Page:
HC Deb 25 June 1958 vol 590 cc553-5

10.10 p.m.

The Joint Parliamentary Secretary to the Ministry of Agriculture, Fisheries and Food (Mr. J. B. Godber)

I beg to move, That the Draft Fertilisers (United Kingdom) Scheme, 1958, a copy of which was laid before this House on 20th May, be approved. I do not think that it will be necessary to spend long upon this Scheme. It merely extends for a further year, from 1st July, the arrangements for paying the fertiliser subsidy and increases the rates of subsidy for nitrogenous fertilisers in accordance with the Price Review award of an additional £1½ million. This production grant is now a familiar feature of our support for agriculture, and I am sure that I have no need to explain to the House the great benefits which result from the greater use of fertilisers.

In the last fertiliser year the use of nitrogen and potash showed a further increase, and, since the supply position is still improving, it was decided at the Price Review to allocate this further sum to nitrogen.

The total cost of the Scheme is expected in this current year to be more than £25 million, which is an indication of the extent to which it is being utilised. I commend the Scheme to the House.

10.12 p.m.

Mr. A. J. Champion (Derbyshire, South-East)

I am sure that the House will have had enough of agricultural debates for quite a long time to come. I certainly feel like that after 20 Sittings upstairs in Committee on the Agriculture Bill and four complete days on the Floor of the House on other stages. The Joint Parliamentary Secretary appears to have stood up to it very well—I am talking about his health and not his deplorable activities as a junior Minister.

The hon. Gentleman has told us that this Scheme represents an increase in the subsidy for last year. I did not quite understand his explanation. Did I understand him to say that it was because of price increases in the meantime, or that it was an additional subsidy to the industry as a result of the Price Review, so that, in effect, he has taken the sum off in prices of products and has placed it on fertilisers? If that is what it amounts to, I have no objection to it.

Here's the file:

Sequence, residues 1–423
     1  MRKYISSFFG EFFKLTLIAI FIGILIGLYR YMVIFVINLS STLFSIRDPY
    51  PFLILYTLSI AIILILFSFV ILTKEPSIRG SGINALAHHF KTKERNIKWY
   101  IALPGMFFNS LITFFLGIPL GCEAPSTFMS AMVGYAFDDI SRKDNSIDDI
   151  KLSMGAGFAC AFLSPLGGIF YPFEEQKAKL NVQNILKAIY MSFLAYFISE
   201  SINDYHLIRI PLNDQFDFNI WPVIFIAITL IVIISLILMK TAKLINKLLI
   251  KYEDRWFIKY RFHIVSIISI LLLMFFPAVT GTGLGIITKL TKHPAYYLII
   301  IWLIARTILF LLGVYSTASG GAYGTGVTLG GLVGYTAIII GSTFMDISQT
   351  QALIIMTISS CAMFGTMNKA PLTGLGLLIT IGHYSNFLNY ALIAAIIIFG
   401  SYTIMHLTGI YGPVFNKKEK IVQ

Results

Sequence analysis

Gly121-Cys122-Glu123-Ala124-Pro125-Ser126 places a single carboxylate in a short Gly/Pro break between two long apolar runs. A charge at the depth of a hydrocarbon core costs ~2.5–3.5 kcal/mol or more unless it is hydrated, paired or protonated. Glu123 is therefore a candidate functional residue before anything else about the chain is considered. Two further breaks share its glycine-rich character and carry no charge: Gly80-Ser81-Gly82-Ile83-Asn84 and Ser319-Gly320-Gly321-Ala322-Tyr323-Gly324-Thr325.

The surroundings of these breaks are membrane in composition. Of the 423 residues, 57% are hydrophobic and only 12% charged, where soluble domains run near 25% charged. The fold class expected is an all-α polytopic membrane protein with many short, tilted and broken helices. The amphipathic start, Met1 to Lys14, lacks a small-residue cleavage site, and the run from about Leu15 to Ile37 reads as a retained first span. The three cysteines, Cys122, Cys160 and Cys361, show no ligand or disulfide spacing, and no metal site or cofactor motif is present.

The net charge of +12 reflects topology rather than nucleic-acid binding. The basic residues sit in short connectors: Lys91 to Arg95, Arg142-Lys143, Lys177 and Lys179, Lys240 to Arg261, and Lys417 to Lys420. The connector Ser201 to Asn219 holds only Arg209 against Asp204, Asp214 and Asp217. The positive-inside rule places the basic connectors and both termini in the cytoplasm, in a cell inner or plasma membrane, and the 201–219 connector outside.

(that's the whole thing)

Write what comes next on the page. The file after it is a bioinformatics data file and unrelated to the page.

The use of fertilisers is something that we ought to stimulate, and I therefore welcome the Scheme. I did wonder whether the cost of nitrogenous fertilisers had gone up, and whether that had caused the increase in the subsidy. Hon. Members on this side of the House are still somewhat disturbed about the fertiliser industry. It is true that we cannot go into the question now, but we think that the Government should stimulate the Monopolies Commission to complete its consideration of the industry, because many farmers fear that as a result of the monopoly money is being taken out of the pockets of the taxpayer to provide the subsidy, which has to be paid simply because the monopoly charges very much more for its products than would be charged by competing firms. The Parliamentary Secretary should press his right hon. Friend the President of the Board of Trade to ensure that the Monopolies Commission gets to work on this matter and presents a report which would either clear away the existing fears or cause the Government to take suitable action.

I agree that we want to stimulate further use of fertilisers, particularly of nitrogenous manures. It is the lack of supply of nitrogen in our soil which is the commonest limiting factor in crop growth. I hope that, through the N.A.A.S., the Minister will do everything possible to stimulate its use by using some of the additional money that is now being provided.

Last year, I visited an experimental farm, where the conversation turned to improvements in crops, and so on, and surrounding farms. I was told by the farmer that he could show me fields which, to his own knowledge, extending over a long time, had never received a dressing of fertiliser. That may be regarded as a waste of the country's land. We ask the Parliamentary Secretary to use this Scheme and the services at his disposal to increase the use of fertiliser, which is one of the best things that could be done to stimulate and improve agricultural production.

10.17 p.m.

Mr. Godber

I am grateful to the hon. Member for Derbyshire, South-East (Mr. Champion) for the approach of himself and his hon. Friends to this matter. The advantage which stems from the use of fertiliser is something about which we are all agreed and I am glad that the House is unanimous in that view.

The hon. Member will realise, as, in fact, he said, that his references to the Monopolies Commission is a matter for the Board of Trade. That is something which is at present being pursued. I think it only fair to remind the House that two of the largest firms concerned with the production of fertilisers have, during the last few days, both announced price reductions for some of their fertilisers. That, together with the increase in the subsidy, which is due to the increase given this year in the Price Review, will bring about a fairly substantial reduction in the price of some fertilisers and should be an added incentive to their further use in the future.

Question put and agreed to.

Resolved, That the Draft Fertilisers (United Kingdom) Scheme, 1958, a copy of which was laid before this House on 20th May, be approved.